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4.5 out of 5 stars
21
4.5 out of 5 stars


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on 12 July 2009
Superb book; simple, clear, immediately understandable. Good for professionals who train colleagues who work with difficult teenage girls. Also relevant for parents who have daughters are not happy/ seem to be ill- with no real cause/don't seem secure etc but are not being "bullied"
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on 6 May 2014
this book has been brilliant as it has given me an insight into teenage girls friendships & enabled me to guide my daughter through what can be at times a battlefield
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on 5 June 2008
A stunning book. It's very rare for US advice books to be relevant to British society, but this one is not at all culturally specific. No American peculiarities (evangelism, no sex before marriage, cheerleading) are mentioned - just excellent, straightforward information about what really goes on in teenage girls' friendships, and advice on how to help your daughter overcome the problems of cliquiness. It all rings incredibly true: as you read through the social categories Wiseman identifies (Queen Bee, Messenger, Target) you find yourself thinking, "I knew that girl!" and analysing how your own secondary school peer group fitted into these patterns. This makes it fascinating reading even for those without children, as genuine insight is provided into how girls think. I learnt a lot about myself by reading this book, which was unexpected!

Wiseman's due particular credit for not just writing about rich white popular girls, as films on this subject have depicted ('Thirteen', 'Mean Girls'). She looks at social class, ethnicity and homosexuality, not being judgemental about any of these but outlining the specific issues girls in these groups face, while emphasising her overall point that most teenage girl friendship groups follow the same sorts of patterns. After all, all girls are having to find their identities within impossible cultural models of ideal femininity, which demand that she is sexy but not slutty, confident yet not threatening to men. Wiseman's particularly good (and even-handed) at assessing the social pressures teenage boys are under, and why this can lead them to treat girls badly so as to seem manly. Show this section to your daughter, because it explains a lot! Throughout the book, no excuses are made, just advice on how to have proper, supportive conversations with your daughter and help her find ways of dealing with peer pressure. I wish my mum (and I) had read this when I was 14 - that says it all, really.

Some parents might be shocked: this book doesn't pull any punches. If your daughter's being the ringleader of mean behaviour, Wiseman insists you deal with it, and likewise if your parenting's not up to scratch. She also doesn't flinch from addressing the darkest side of teenage relationships, namely abusive boyfriends and date rape. It's upsetting reading, to be sure, but this stuff does go on and parents have got to be aware. While never doom-mongering, nonetheless it's a shame the author didn't conclude by saying that most teenage girls do come through their teenage years fairly unscathed and well-adjusted. With parents who read this book and make an effort to do what is says - communicate with your daughter! - I reckon this happy outcome is made considerably more likely.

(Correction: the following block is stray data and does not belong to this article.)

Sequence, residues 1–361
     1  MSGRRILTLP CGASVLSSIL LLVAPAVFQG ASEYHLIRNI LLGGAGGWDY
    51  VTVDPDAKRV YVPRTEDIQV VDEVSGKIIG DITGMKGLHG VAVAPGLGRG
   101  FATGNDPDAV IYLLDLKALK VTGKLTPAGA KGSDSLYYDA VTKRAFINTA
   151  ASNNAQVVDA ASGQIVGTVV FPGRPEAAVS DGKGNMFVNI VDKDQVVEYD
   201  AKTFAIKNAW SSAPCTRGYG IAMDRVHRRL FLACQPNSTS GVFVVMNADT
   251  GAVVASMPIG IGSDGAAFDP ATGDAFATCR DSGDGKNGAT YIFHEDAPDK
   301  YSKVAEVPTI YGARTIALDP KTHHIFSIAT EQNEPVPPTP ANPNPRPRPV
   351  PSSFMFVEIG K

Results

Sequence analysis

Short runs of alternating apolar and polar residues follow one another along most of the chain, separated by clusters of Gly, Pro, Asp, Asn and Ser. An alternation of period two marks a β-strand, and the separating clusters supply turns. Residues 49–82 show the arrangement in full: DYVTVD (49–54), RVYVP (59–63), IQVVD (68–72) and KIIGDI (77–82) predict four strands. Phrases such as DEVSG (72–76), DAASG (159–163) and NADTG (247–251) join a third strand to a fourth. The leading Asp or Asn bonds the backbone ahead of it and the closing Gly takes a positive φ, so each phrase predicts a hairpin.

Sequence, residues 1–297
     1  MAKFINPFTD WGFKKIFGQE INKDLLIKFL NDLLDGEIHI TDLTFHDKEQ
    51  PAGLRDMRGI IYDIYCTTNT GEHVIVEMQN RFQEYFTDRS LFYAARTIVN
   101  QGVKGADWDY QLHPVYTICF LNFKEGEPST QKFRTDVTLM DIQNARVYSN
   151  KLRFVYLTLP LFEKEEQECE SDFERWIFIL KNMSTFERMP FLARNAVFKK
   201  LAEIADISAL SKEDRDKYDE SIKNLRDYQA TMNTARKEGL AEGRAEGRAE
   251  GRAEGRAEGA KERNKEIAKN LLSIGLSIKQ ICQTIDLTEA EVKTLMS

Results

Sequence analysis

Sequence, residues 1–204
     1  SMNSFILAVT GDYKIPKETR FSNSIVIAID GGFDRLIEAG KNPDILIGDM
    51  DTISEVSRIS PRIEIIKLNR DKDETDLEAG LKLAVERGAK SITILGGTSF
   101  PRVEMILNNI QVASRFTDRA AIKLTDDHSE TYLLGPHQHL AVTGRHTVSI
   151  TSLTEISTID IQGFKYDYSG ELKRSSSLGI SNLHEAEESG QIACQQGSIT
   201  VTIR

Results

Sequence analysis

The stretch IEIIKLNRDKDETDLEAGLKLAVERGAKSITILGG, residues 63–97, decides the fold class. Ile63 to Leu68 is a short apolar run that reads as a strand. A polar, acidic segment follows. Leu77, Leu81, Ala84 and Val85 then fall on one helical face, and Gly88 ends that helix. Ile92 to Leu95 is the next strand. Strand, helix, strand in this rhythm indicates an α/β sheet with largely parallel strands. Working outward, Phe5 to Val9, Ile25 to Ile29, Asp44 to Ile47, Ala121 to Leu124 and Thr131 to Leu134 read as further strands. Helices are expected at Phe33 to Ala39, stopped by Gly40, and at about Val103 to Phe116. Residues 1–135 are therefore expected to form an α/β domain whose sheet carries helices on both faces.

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on 5 September 2012
If you have a pre-teen this is a essential and if you have a teenager you are already due.
Best thing, is to buy it when you are pregnant buy it and then as your child grows up, teach her how to avoid/ get over those problems (i.e. how to tell her/his peers to go jump over a bridge and leave her/him alone out of trouble).
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on 7 September 2016
Although I appreciate this was a bargain price, the description of 'used very good' is wrong. The outer cover is worn and badly creased and there are names and mobile numbers are written inside. I would not have classed it as acceptable.
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on 8 May 2006
A stunning book. It's very rare for US advice books to be relevant to British society, but this one is not at all culturally specific. No American peculiarities (evangelism, no sex before marriage, cheerleading) are mentioned - just excellent, straightforward information about what really goes on in teenage girls' friendships, and advice on how to help your daughter overcome the problems of cliquiness. It all rings incredibly true: as you read through the social categories Wiseman identifies (Queen Bee, Messenger, Target) you find yourself thinking, "I knew that girl!" and analysing how your own secondary school peer group fitted into these patterns. This makes it fascinating reading even for those without children, as genuine insight is provided into how girls think. I learnt a lot about myself by reading this book, which was unexpected!

Wiseman's due particular credit for not just writing about rich white popular girls, as films on this subject have depicted ('Thirteen', 'Mean Girls'). She looks at social class, ethnicity and homosexuality, not being judgemental about any of these but outlining the specific issues girls in these groups face, while emphasising her overall point that most teenage girl friendship groups follow the same sorts of patterns. After all, all girls are having to find their identities within impossible cultural models of ideal femininity, which demand that she is sexy but not slutty, confident yet not threatening to men. Wiseman's particularly good (and even-handed) at assessing the social pressures teenage boys are under, and why this can lead them to treat girls badly so as to seem manly. Show this section to your daughter, because it explains a lot! Throughout the book, no excuses are made, just advice on how to have proper, supportive conversations with your daughter and help her find ways of dealing with peer pressure. I wish my mum (and I) had read this when I was 14 - that says it all, really.